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tv   BBC Newsnight  PBS  September 29, 2012 5:00am-5:30am EDT

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>> this is "bbc world news night." funding of this presentation is made possible by the freeman foundation of new york, stowe, vermont, and honolulu, newman's own foundation, and union bank. >> at union bank, our relationship managers work hard
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to understand the industry you operate in, working to provide capital for key strategic decisions. we offer expertise and tailored solutions in a range of industries. what can we do for you? >> more writing in europe. this time in spain as the euro crisis strikes again. this week, clashes between protesters and spain as the government sets out its austerity budget for 2013. the country is now ungovernable? we look at florida, a crucial swing state in the upcoming election. david cameron reaffirms its commitment to sending 0.7% of
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gdp and foreign aid. can western countries afford to be so generous? and juliette binoche has returned to the london stage after 12 years. >> you can say any age because it is about passion and love. who you are. hello. a budget for a crisis to get us out of the crisis was the way the deputy prime minister described her government's actions. 40 billion euros worth of cuts by her government was met with the stress from the spanish peseta since all the european commission -- what nobody knows is whether the markets will be pacified.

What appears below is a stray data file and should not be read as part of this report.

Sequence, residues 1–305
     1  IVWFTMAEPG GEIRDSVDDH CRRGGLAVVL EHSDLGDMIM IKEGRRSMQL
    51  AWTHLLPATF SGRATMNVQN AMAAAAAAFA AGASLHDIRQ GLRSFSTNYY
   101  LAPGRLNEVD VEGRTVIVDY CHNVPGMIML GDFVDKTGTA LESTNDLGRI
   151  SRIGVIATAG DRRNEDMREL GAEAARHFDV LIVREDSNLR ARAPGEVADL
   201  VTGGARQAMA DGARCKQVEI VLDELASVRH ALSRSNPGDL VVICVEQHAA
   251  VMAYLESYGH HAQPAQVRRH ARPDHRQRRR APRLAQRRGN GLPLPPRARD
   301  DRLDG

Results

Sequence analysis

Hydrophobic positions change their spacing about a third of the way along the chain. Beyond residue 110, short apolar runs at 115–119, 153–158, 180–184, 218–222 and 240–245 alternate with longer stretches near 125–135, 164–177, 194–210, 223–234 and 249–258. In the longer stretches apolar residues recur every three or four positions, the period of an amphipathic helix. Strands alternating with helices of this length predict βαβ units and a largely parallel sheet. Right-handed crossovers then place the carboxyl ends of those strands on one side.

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>> of spain has been bracing for this day, counting down to what they knew was going to be painful. tv stations have been cobbling little else for weeks. their viewers were shocked as the intensity of spanish streets as thousands of frustrated young people had to be a lot away from the vicinity of the parliament. >> the police are clearing the square in front of the parliament over there and they're dispersing protesters that way to make sure that the main thoroughfares are clear for the traffic tomorrow morning. >> today in the newsroom, i wanted to get a sense of what the silent majority or making of the sweeping cuts they knew were needed but have trouble swallowing. >> one of the things that
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people ask, our mood changes really quickly and now we are pessimistic. i think not having light at the end of the tunnel is even worse. >> is charged with selling this turnaround is the ruling center- right government which is have the shortest honeymoon in political history. >> we were expecting to have a deficit that was going to be about 7% of the economy and it turned out to be 9%. we did not have the time to react. so weak in our political manifesto, the main aim was that we were going to give spain what it needed. there were not actual promises but as a general promised to try to manage the situation. the figures were worse but we
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were struggling. >> what would the opposition socialist to differently? spain has one of the biggest property bubbles followed by the collapse. >> we want comprehensive reform of the fiscal system. it has to be more progressive. we know in spain that corporations only pay 11% from their benefits. at the same time, there is a large number of citizens who do not pay taxes to income tax. they are liberal professions like people who put all their revenues inside society. we believe there has to be changes and we have to have a
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more comprehensive system that is able to control everybody. >> won the budget was announced, it was predictable. this economy has already seen 65 billion euros out of it this year. today was confirmed a further 90 billion euros would be cut over the coming two. >> 1 economy is represented here by the corporate giants to continue to flourish around the world and then there is the real economy outside these walls, where unemployment is high and consumer spending is low. the challenge facing the government is to somehow cut the deficit now that same time bridge the gap between the corporate world and the real world outside. >> with the race for the white house, mitt romney and president obama are working to win the hearts and minds of voters. or american voters in the key